Welcome to another grammar tutorial. Today, we will discuss subject-verb agreement. Subject-verb agreement means making sure the subject (who/what the sentence is about) is properly matched to the verb (action the subject is taking) in a sentence. This lesson is fundamental to English skills, and many English speakers would recognize subject-verb disagreements in conversation, even if they couldn’t identify why the statements sounded wrong. Grasping these fundamental rules becomes essential when editing complex sentence structures.
The singularity or plurality of a clause’s subject determines how its subject(s) and verb(s) are paired. This sounds confusing, so let’s pick it apart. An “independent clause” is an independent phrase–basically, it’s a sentence. In the first sentence, I used “clause” rather than “sentence” because one sentence may contain both independent clauses and dependent clauses. A “dependent clause” cannot stand alone and begins with conjunctions or relative pronouns, listed here. In the following sentence, there’s an independent clause and a dependent clause: Aristotle was more scientific, while Plato was more spiritual. “Aristotle was” is one subject-verb set, and “Plato was” is the other subject-verb set. The first clause in the example sentence is independent and can stand alone: Aristotle was more scientific. The dependent clause has a subject and verb but can’t stand alone: while Plato was more spiritual. Here’s a link explaining when to use or not use a comma with “while,” a distinction I only learned recently.
With a preliminary discussion about clauses out of the way, we can return to the phrase “singularity or plurality of a clause’s subject.” We now know about clauses, and “singularity” or “plurality” of a subject refers to amount. A singular subject references one person or entity, and a plural subject references multiple people or entities. The subjects from the examples–Aristotle and Plato–were singular, so we used “was” for both clauses. If the subject of the sentence was plural, the verb would change. Example: Aristotle and Plato were rhetoricians. The verb “was” changed to “were.”
Some of this advice appears basic and obvious to a native English speaker, but acknowledging these rules about singularity, plurality, independent clauses, and dependent clauses is key to finding subject-verb agreement errors in complicated sentences, where the mistakes occur most often. When editing your work, you must be able to weed through the parts of a long sentence to identify the subject and verb, assuring that they agree. Here’s an example of subject-verb disagreement in a compound sentence: The organization raises money for charity but take a profit. “Take a profit” is not a dependent clause because it doesn’t contain a subject and a verb, so we must identify the subject for the verb “take.” The organization is the subject of both clauses; it both raises money and takes a profit. Therefore, the accurate version of the sentence reads, “The organization raises money for charity but takes a profit.”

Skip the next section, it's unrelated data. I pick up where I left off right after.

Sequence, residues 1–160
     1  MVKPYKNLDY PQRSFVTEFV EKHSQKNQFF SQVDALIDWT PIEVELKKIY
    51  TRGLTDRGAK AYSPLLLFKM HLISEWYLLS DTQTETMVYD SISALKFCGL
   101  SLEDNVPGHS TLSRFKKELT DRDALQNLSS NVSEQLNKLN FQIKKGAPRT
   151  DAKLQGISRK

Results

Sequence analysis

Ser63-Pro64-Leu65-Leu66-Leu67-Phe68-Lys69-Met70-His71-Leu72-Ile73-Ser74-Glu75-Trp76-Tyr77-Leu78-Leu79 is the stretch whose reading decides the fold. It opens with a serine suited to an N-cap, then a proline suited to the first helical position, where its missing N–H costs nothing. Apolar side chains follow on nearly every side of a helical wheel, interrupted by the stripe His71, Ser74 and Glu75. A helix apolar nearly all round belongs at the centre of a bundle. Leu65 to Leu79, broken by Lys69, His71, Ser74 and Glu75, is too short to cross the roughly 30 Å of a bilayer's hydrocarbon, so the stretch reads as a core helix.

Let’s examine subject-verb disagreement in a complex sentence. Here’s a sentence from an essay of mine: Enthymemes bolster our opinions, or our presentations of “the real facts,” because drawing conclusions from examples, signs, and general observation strengthen the validity of those opinions. Did you catch the mistake? Let’s identify the clauses in this sentence. “Enthymemes bolster our opinions […]” is an independent clause, and the subject-verb pair is “enthymemes bolster.” The other half of the sentence is a dependent clause: “because drawing conclusions from […] strengthen the validity of those opinions.” The subject-verb pair is “drawing strengthen.” “Drawing” is singular (explanation of gerunds), but “strengthen” pairs with plural nouns. The sentence should read, “Enthymemes bolster our opinions, or our presentations of “the real facts,” because drawing conclusions from examples, signs, and general observation strengthens the validity of those opinions.” The plural word “conclusions” next to “drawing” would confuse many people and cause oversight, but if you proofread with a cautious eye for subject-verb disagreement, you can catch these clunky errors.
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